China’s ambitious space program does not often publish detailed plans of its activities in advance—perhaps this is because it makes it easier for the government to explain away any failures. But thanks to social media leaks, we can now be reasonably confident that the country will attempt to land its Chang’e 5 mission on the Moon on Tuesday.
The spacecraft’s lander has already separated from the main orbital module and is expected to position itself in low-lunar orbit on Monday. Sources suggest the following timeline for activities on Tuesday:
- Start of powered descent: 14:48 UTC (9:48 am ET)
- Lunar landing: 15:15 UTC (10:15 am ET)
- Drilling for sub-surface samples: 17:15 UTC (12:15 pm ET)
The Change’5 lander—the latest probe in China’s Moon program, which is named after a goddess of the Moon and began back in 2007—is the country’s most ambitious mission to the Moon yet. The probe launched on November 23 and reached lunar orbit a couple of days later.
Now, the probe must execute a soft landing on the Moon and collect lunar samples. As much as 2kg of material will be scooped and loaded into a sample return vehicle. It is expected that this small spacecraft will then depart the lunar surface on Thursday to reunite with the lunar orbiter. If all goes well, after returning to Earth orbit later this month, a re-entry capsule will then separate from the spacecraft stack, and the samples will touch down in the Inner Mongolia region.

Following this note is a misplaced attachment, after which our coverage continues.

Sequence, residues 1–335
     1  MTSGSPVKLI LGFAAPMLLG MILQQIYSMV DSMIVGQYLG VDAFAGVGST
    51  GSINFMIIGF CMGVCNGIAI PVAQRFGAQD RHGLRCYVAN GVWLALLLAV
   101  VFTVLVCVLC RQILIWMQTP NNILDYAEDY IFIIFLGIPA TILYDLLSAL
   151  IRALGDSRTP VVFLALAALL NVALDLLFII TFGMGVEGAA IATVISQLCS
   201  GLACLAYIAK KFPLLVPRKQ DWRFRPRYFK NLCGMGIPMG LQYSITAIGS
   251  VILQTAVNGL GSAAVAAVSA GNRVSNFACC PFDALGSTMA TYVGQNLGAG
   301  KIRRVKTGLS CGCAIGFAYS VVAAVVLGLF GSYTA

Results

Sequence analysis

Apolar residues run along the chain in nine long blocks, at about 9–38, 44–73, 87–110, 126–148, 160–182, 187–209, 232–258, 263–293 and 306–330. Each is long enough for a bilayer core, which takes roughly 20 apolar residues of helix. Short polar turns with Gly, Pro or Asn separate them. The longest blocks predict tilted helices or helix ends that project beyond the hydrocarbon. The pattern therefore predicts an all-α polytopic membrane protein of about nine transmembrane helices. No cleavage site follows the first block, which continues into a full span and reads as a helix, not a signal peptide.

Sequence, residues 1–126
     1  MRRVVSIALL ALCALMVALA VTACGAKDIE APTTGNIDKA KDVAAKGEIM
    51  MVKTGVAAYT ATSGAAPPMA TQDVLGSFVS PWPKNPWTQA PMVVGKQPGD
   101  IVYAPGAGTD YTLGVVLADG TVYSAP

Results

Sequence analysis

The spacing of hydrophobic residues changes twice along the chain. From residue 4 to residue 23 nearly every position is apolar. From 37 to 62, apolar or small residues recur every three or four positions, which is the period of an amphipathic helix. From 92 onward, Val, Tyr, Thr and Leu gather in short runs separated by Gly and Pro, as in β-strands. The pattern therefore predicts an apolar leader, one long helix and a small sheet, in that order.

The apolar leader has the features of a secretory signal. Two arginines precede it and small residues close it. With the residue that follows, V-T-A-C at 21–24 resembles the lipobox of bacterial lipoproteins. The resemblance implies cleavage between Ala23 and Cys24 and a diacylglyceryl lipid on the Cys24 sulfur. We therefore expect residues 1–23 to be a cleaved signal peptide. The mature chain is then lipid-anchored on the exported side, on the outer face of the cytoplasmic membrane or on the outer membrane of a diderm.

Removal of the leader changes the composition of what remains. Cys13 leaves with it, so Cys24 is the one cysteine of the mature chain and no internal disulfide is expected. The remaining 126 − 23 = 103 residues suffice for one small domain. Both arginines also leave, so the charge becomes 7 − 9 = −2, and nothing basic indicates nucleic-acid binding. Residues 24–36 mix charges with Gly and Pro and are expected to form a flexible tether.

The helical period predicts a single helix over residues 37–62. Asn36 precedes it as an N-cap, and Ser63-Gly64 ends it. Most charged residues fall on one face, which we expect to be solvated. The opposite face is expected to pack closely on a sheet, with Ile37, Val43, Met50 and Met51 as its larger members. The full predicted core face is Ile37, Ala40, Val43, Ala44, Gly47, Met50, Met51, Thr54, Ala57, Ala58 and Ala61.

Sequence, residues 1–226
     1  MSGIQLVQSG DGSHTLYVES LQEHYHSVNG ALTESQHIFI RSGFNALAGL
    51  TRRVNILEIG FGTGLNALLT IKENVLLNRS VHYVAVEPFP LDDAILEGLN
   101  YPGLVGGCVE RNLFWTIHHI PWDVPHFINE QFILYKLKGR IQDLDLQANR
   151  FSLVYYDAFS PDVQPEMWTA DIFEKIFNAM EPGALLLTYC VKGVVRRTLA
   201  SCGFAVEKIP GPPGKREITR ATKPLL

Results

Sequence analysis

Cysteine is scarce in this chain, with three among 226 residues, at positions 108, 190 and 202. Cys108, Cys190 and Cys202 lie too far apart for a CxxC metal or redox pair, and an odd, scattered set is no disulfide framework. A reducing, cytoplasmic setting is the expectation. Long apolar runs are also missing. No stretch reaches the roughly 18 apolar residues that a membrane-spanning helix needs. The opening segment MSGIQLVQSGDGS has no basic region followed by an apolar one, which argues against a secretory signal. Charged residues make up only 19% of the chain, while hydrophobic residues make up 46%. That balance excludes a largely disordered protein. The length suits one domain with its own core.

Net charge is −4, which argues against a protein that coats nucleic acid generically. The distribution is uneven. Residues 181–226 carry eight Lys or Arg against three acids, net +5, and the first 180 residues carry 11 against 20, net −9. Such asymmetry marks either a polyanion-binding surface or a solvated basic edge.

Only the United States, with its Apollo program in the late 1960s and early 1970s, and the Soviet Union, through a series of robotic missions shortly thereafter, have returned lunar rocks to Earth. The US Moon program returned 382kg of lunar rocks at that time—and even today scientists are opening and studying pristine material collected during Apollo. If Chang’e 5 is successful, these will be the first Moon rocks returned to Earth in more than four decades.
China currently has an extensive lunar program. As Andrew Jones noted on Twitter, the Asian nation presently has seven spacecraft operating on or near the Moon: the Chang’e-3 lander, Chang’e-4 lander and Yutu-2 rover, Queqiao relay satellite, Chang’e 5 T1 orbiter, Chang’e 5 orbiter and Chang’e 5 lander/ascent vehicle.
The country has further plans for lunar exploration, with future Chang’e missions slated to explore the polar regions and assess the viability of water ice resources. The country is also likely to build a prototype for a lunar scientific research station and within a decade or so may send its first taikonauts to the Moon’s surface.
China’s interest in the Moon is one of the principal drivers behind NASA’s Artemis program, which seeks to send US astronauts from Europe, Japan, and elsewhere back to the Moon in the mid-2020s.